Spread the Word
Singapore's jet set wines and dines at Marmalade, a bar and restaurant designed by Albano Daminato
Jen Renzi -- Interior Design, 6/1/2002 12:00:00 AM
Maine lobster and U.S. tenderloin may sound down-home to Americans. But offer them on a menu in Singapore, and they take on decidedly cosmopolitan overtones. "The owners of Marmalade yearned for a kind of restaurant that didn't exist in Singapore—a Western-oriented eatery with a clubby, late-night vibe that would attract well read, well traveled urbanites," explains local designer Albano Daminato.
Given that Marmalade's four co-owners are all prominent in legal, medical, and financial fields, luring Singapore's hippest diners wasn't a huge challenge. Converting two adjacent traditional Chinese shophouses into a swanky restaurant, on the other hand, was. Because of regulations governing the century-old buildings, Daminato couldn't tamper with structure. "Luckily, the proportions were really beautiful. The buildings are as high as they are wide, about 15 feet," the designer says. He installed wall-to-wall coir matting ("the color of melted chocolate") over the concrete slab floor and slipped panels of ebony-stained ash between structural columns protruding from the sidewalls, tucking incandescent strip lighting behind.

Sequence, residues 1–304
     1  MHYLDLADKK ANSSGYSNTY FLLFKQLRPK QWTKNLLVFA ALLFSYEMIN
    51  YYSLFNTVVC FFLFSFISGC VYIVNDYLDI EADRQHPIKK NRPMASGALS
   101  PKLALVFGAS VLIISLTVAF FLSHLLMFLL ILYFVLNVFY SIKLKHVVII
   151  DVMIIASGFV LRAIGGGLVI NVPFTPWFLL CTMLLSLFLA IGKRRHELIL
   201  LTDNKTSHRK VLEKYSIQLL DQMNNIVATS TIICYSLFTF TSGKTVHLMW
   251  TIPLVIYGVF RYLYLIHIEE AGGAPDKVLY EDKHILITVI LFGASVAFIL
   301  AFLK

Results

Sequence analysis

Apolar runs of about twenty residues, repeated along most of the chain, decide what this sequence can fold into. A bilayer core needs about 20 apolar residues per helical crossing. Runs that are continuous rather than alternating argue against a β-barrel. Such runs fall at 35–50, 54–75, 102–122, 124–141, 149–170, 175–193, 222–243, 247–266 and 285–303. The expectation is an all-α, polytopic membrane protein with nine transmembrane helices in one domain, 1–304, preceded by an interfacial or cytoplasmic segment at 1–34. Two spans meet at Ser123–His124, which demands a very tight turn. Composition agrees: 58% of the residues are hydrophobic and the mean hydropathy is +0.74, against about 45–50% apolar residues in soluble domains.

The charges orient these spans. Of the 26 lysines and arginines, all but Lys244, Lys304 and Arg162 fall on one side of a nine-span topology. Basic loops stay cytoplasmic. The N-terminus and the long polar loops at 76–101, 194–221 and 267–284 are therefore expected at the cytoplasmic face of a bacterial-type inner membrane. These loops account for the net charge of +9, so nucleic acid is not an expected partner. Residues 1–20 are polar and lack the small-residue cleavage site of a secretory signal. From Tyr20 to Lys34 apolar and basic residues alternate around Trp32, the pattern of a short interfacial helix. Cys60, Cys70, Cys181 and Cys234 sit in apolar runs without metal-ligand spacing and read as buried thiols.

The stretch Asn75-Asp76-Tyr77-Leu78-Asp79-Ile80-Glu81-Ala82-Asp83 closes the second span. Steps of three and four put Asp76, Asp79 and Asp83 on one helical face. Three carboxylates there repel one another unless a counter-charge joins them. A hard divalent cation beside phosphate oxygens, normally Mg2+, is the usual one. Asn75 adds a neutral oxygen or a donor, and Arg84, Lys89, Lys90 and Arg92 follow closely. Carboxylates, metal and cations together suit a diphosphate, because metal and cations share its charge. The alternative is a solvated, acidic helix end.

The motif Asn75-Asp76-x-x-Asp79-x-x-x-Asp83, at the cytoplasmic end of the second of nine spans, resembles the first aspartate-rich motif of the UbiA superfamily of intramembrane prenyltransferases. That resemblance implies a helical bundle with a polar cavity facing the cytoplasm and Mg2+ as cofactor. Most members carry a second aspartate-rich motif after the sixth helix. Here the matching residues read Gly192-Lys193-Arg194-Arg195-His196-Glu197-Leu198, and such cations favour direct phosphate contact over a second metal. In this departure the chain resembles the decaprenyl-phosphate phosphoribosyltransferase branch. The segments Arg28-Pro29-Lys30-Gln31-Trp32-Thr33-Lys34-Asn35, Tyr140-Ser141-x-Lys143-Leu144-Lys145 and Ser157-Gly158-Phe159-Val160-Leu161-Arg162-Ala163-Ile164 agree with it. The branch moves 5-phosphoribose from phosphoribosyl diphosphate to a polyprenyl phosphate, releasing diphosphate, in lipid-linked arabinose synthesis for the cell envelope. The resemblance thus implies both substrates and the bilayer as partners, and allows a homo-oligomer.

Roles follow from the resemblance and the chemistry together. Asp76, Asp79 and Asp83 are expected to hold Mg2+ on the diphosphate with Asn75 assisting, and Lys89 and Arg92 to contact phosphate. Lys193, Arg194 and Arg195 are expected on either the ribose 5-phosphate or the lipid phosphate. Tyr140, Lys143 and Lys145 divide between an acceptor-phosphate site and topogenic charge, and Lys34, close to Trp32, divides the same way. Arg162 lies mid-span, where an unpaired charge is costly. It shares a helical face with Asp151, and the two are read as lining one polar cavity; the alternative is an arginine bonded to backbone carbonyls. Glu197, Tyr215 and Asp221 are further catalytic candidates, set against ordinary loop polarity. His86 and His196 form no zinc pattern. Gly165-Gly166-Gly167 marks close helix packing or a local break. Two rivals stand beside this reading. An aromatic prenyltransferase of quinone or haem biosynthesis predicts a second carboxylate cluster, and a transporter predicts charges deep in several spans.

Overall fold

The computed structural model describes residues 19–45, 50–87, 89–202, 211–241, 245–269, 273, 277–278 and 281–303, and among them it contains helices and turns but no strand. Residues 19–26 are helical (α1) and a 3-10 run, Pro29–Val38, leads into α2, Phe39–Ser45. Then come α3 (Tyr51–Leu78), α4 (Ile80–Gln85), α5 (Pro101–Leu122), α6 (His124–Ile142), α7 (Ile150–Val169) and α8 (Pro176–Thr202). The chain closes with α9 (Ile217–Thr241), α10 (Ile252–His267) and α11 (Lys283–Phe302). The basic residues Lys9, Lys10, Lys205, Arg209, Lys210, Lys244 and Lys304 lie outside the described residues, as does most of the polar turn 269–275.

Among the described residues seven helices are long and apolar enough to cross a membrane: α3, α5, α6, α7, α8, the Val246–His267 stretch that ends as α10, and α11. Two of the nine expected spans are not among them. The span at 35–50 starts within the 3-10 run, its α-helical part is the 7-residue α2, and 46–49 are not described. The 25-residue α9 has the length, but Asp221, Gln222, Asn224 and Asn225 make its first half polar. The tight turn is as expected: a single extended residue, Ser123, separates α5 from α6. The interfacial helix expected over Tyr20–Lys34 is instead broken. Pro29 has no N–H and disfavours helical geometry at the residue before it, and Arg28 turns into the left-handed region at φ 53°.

Daminato worked hard at keeping down architectural costs to preserve a portion of the budget for stylish seating. The main restaurant seats 66 in Piero Lissoni chairs. Together, it and a private party room wrap in an L shape around the bar, which opens to the sidewalk—a boon, given Singapore's strict antismoking laws. In the bar area, chairs are by Harry Bertoia.
For the concrete bar itself, Daminato chose a finish of metallic, champagne-hued automotive paint from BMW. The treatment has only one drawback: With all the activity from the jam-packed crowds, a fresh coat is required every six months.